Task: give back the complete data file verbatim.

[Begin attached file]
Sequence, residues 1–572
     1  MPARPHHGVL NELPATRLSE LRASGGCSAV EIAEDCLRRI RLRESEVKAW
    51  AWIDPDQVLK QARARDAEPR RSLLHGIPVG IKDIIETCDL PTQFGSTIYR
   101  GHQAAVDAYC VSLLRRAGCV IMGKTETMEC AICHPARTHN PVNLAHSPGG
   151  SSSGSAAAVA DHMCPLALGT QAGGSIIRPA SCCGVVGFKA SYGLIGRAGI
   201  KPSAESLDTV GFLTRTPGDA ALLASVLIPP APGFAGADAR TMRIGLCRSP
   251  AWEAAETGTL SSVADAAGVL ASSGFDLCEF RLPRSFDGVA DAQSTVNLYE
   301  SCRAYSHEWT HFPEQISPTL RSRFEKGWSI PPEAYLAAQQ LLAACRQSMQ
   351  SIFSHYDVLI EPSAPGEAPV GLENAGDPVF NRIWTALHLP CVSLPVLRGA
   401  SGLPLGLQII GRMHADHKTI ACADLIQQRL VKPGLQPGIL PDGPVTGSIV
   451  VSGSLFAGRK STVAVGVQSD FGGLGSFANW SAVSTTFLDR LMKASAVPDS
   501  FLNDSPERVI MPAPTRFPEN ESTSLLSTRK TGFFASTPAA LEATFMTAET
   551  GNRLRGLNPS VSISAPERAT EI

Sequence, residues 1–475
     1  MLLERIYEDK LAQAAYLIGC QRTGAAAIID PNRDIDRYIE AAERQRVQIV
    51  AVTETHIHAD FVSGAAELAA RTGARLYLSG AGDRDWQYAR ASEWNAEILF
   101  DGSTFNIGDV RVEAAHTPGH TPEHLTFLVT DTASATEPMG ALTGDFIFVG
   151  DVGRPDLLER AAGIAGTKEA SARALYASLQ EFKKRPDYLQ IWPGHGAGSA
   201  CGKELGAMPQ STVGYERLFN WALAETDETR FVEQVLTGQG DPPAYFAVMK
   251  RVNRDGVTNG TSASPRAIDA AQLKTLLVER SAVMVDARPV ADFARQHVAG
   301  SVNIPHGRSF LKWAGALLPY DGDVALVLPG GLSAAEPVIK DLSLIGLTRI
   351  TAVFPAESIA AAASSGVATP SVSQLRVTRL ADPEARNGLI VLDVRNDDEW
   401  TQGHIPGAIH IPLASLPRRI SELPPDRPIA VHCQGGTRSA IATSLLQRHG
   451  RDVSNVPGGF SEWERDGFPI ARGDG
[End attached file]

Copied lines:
Sequence, residues 1–572
     1  MPARPHHGVL NELPATRLSE LRASGGCSAV EIAEDCLRRI RLRESEVKAW
    51  AWIDPDQVLK QARARDAEPR RSLLHGIPVG IKDIIETCDL PTQFGSTIYR
   101  GHQAAVDAYC VSLLRRAGCV IMGKTETMEC AICHPARTHN PVNLAHSPGG
   151  SSSGSAAAVA DHMCPLALGT QAGGSIIRPA SCCGVVGFKA SYGLIGRAGI
   201  KPSAESLDTV GFLTRTPGDA ALLASVLIPP APGFAGADAR TMRIGLCRSP
   251  AWEAAETGTL SSVADAAGVL ASSGFDLCEF RLPRSFDGVA DAQSTVNLYE
   301  SCRAYSHEWT HFPEQISPTL RSRFEKGWSI PPEAYLAAQQ LLAACRQSMQ
   351  SIFSHYDVLI EPSAPGEAPV GLENAGDPVF NRIWTALHLP CVSLPVLRGA
   401  SGLPLGLQII GRMHADHKTI ACADLIQQRL VKPGLQPGIL PDGPVTGSIV
   451  VSGSLFAGRK STVAVGVQSD FGGLGSFANW SAVSTTFLDR LMKASAVPDS
   501  FLNDSPERVI MPAPTRFPEN ESTSLLSTRK TGFFASTPAA LEATFMTAET
   551  GNRLRGLNPS VSISAPERAT EI

Sequence, residues 1–475
     1  MLLERIYEDK LAQAAYLIGC QRTGAAAIID PNRDIDRYIE AAERQRVQIV
    51  AVTETHIHAD FVSGAAELAA RTGARLYLSG AGDRDWQYAR ASEWNAEILF
   101  DGSTFNIGDV RVEAAHTPGH TPEHLTFLVT DTASATEPMG ALTGDFIFVG
   151  DVGRPDLLER AAGIAGTKEA SARALYASLQ EFKKRPDYLQ IWPGHGAGSA
   201  CGKELGAMPQ STVGYERLFN WALAETDETR FVEQVLTGQG DPPAYFAVMK
   251  RVNRDGVTNG TSASPRAIDA AQLKTLLVER SAVMVDARPV ADFARQHVAG
   301  SVNIPHGRSF LKWAGALLPY DGDVALVLPG GLSAAEPVIK DLSLIGLTRI
   351  TAVFPAESIA AAASSGVATP SVSQLRVTRL ADPEARNGLI VLDVRNDDEW
   401  TQGHIPGAIH IPLASLPRRI SELPPDRPIA VHCQGGTRSA IATSLLQRHG
   451  RDVSNVPGGF SEWERDGFPI ARGDG